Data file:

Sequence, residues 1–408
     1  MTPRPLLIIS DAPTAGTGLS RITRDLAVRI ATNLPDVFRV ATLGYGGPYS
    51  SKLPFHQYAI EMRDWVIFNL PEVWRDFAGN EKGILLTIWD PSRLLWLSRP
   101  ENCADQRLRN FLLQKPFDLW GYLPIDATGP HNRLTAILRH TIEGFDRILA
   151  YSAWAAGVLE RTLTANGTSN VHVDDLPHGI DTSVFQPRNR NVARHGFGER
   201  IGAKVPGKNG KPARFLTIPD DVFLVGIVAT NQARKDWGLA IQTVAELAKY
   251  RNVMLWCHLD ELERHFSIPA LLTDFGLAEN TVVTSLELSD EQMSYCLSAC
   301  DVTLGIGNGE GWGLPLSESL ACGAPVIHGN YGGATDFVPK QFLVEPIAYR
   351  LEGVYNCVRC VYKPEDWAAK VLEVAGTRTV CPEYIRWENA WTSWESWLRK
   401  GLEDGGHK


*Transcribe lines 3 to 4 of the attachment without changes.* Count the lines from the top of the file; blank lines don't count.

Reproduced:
    51  SKLPFHQYAI EMRDWVIFNL PEVWRDFAGN EKGILLTIWD PSRLLWLSRP
   101  ENCADQRLRN FLLQKPFDLW GYLPIDATGP HNRLTAILRH TIEGFDRILA